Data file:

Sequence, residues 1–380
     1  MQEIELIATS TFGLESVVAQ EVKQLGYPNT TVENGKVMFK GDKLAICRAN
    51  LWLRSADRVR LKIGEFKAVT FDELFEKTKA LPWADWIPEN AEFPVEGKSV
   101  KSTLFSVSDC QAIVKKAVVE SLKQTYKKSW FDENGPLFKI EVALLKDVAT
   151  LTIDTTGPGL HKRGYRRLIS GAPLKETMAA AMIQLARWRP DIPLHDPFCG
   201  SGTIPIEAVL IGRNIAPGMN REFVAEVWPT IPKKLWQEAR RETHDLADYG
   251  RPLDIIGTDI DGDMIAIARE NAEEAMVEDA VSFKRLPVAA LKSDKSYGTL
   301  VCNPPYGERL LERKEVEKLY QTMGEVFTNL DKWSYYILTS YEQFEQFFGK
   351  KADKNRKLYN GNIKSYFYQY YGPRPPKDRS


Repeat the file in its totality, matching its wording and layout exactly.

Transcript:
Sequence, residues 1–380
     1  MQEIELIATS TFGLESVVAQ EVKQLGYPNT TVENGKVMFK GDKLAICRAN
    51  LWLRSADRVR LKIGEFKAVT FDELFEKTKA LPWADWIPEN AEFPVEGKSV
   101  KSTLFSVSDC QAIVKKAVVE SLKQTYKKSW FDENGPLFKI EVALLKDVAT
   151  LTIDTTGPGL HKRGYRRLIS GAPLKETMAA AMIQLARWRP DIPLHDPFCG
   201  SGTIPIEAVL IGRNIAPGMN REFVAEVWPT IPKKLWQEAR RETHDLADYG
   251  RPLDIIGTDI DGDMIAIARE NAEEAMVEDA VSFKRLPVAA LKSDKSYGTL
   301  VCNPPYGERL LERKEVEKLY QTMGEVFTNL DKWSYYILTS YEQFEQFFGK
   351  KADKNRKLYN GNIKSYFYQY YGPRPPKDRS